"It was very, very good that it did take a long time, because that way, we could find things that we both liked, and that seemed to work," von Otter says. "He knew right from the start what he wanted: He thought that it would suit me and my voice to sing the sort of melancholy, sad love songs. That's what he thought. I had no idea. I thought, 'Oh no, that sounds just like the stuff I normally do.' I wanted to try being a bit more crazy and shouting a bit and stuff. I realized, after a while, that it wouldn't work very easily if I tried to sing like a pop star, a pop singer, because my voice just won't do it. It's better if I take my voice to songs that my voice can more easily adjust to. So there we were. We were back at Square One, which was the sad love song." She laughs. "But I like them, it's fine. I think they're very, very beautiful, the ones that we chose in the end. So I was happy."
Everything else aside, von Otter's happiness is probably more important since--though Costello's name is above the title--For the Stars is more or less her album. Costello appears on eight of the disc's 18 tracks and only sings on six of those. True, he's there even when he's not, but For the Stars only works if you believe in von Otter's voice as much as Costello does. And if you open your mind and ears, listen to the album without letting it be tainted by the futile hopes that Costello will plug in and lead the band through a remember-when version of "Radio, Radio" or "I Hope You're Happy Now," it works. Von Otter's voice, when given the right song--say, ABBA's "Like An Angel Passing Through My Room"--is as beautiful, as stirring, as radiant as advertised.
"'Like An Angel Passing Through My Room,' is very, very beautiful," von Otter says. "And that's almost a little bit like a classical song, somehow, in the way it's been written and built up. That's a favorite of mine."
For his part, Costello believes von Otter's contribution to the disc goes beyond what she did when she was in the vocal booth. Even going so far as to give her unofficial songwriting credits for most of the songs he wrote for the album.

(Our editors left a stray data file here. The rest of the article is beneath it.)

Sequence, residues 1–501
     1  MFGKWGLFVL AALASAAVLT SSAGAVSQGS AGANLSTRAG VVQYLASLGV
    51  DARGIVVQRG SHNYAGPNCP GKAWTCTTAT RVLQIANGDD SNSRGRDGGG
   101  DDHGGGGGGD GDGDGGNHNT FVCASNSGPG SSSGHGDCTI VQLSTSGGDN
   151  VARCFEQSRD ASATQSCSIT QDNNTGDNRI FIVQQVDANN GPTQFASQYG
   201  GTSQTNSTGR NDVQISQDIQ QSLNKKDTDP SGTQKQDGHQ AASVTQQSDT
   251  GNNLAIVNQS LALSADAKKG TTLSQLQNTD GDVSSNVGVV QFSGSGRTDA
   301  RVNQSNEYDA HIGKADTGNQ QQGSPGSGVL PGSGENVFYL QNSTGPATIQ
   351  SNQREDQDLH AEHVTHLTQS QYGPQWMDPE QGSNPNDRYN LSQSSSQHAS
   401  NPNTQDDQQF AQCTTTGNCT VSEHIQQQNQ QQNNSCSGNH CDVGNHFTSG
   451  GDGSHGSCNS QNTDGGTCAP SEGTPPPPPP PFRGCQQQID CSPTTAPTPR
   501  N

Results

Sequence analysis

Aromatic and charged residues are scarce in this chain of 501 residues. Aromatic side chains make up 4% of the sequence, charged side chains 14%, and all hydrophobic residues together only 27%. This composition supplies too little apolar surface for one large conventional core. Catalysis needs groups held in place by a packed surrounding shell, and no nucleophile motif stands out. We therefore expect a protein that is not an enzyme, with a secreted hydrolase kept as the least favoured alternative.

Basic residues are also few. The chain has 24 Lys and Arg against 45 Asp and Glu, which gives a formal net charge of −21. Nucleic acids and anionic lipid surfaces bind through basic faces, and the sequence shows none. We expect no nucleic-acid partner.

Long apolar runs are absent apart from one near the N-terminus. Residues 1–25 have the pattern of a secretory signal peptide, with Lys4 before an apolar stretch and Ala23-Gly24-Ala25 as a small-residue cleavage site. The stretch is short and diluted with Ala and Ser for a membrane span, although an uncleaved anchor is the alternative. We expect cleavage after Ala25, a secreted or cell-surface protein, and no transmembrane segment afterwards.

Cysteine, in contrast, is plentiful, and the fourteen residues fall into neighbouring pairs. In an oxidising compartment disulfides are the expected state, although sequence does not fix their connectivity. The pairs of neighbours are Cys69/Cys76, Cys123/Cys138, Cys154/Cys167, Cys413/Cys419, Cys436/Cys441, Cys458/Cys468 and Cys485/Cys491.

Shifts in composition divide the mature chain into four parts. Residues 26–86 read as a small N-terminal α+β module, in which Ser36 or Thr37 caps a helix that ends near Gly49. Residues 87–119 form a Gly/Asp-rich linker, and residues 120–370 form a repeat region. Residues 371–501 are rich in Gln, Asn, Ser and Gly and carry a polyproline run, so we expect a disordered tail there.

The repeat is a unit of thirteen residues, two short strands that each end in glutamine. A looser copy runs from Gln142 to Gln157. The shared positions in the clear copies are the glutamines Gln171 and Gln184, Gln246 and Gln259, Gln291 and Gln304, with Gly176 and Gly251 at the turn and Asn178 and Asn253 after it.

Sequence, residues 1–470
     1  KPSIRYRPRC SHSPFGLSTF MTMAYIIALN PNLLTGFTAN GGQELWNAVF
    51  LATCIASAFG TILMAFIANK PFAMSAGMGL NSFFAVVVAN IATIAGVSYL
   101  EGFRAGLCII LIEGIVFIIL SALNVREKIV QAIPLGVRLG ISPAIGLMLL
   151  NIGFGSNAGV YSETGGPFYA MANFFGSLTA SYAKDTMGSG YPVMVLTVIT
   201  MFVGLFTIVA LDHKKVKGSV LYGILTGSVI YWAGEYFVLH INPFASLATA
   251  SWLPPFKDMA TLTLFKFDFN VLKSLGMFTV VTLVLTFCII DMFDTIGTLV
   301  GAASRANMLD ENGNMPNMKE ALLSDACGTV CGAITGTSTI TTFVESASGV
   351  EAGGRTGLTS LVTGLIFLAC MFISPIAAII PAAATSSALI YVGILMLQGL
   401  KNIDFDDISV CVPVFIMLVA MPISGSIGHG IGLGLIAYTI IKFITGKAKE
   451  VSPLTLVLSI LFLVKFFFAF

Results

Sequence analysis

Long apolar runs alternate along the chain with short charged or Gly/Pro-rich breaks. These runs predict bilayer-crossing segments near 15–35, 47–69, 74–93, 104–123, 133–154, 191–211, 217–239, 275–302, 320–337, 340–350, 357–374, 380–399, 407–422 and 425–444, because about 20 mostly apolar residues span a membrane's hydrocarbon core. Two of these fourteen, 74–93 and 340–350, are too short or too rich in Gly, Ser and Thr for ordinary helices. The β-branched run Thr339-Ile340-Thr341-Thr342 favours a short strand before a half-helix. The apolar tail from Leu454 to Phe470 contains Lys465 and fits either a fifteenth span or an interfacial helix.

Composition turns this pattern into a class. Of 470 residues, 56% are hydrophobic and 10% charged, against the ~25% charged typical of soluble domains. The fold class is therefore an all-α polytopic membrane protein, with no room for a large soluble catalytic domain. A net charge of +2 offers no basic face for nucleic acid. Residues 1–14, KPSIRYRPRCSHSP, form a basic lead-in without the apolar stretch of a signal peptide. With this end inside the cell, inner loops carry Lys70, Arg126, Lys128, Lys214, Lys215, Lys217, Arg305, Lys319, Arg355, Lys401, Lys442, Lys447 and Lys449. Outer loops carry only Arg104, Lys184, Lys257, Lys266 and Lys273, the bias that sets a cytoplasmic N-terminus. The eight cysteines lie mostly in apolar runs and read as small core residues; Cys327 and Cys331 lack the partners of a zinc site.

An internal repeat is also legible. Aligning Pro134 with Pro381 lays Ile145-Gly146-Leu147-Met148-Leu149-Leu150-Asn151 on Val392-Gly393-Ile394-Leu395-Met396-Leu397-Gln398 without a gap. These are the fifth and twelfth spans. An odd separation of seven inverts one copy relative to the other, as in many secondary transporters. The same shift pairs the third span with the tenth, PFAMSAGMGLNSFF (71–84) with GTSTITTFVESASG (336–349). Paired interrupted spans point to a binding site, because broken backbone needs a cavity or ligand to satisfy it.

"Certainly 'Shamed Into Love,' 'I Want to Vanish' and 'This House is Empty Now,' although they all have my name on them in different parts of the writing, they were all Anne Sofie's idea to record those," Costello says. "She had picked those and a number of the other songs. And obviously, she introduced me to the Fleshquartet, who are a Swedish group and are very important to the record. So there's quite a lot of music coming from her background, you know, from her part of the world. And we recorded the record in Sweden. So in the end, rather than it being something that I presented her with completely formed, it was a proper collaboration. Not in writing this time, but in choices: choices of instrumentation, choices of venue, choices of musical background. She's really been instrumental in four songs coming into existence. You know, they wouldn't have been written without this record."
But Costello is quick to point out that For the Stars is more than an excuse to get von Otter in front of more people, to get these songs near more ears. It's an album, a good one, one he was proud to make. Simple as that.
"It's great if you can do that, as a side effect," he says. "The main concern was really to choose material that would most suit Anne Sofie, and that she would enjoy doing, and she'd feel she'd done something that was fresh for her, you know, that was a world away from the other music that she sings, but very enjoyable nevertheless. I think that we tended to try and avoid songs that were really worn out. Even when we chose a Paul McCartney song or a Lennon and McCartney song, 'For No One' is somewhat less well-known than, say, 'Yesterday.' It's relative, you know? Most of the songs on the record, we didn't deliberately choose them to be obscure, but there didn't seem a whole lot of point in doing a song that was so familiar and has been done a thousand times. It's really a struggle for people to hear it fresh. They can't help but say, 'Well, it's good...but it's not as good as when Ella Fitzgerald sang it.'"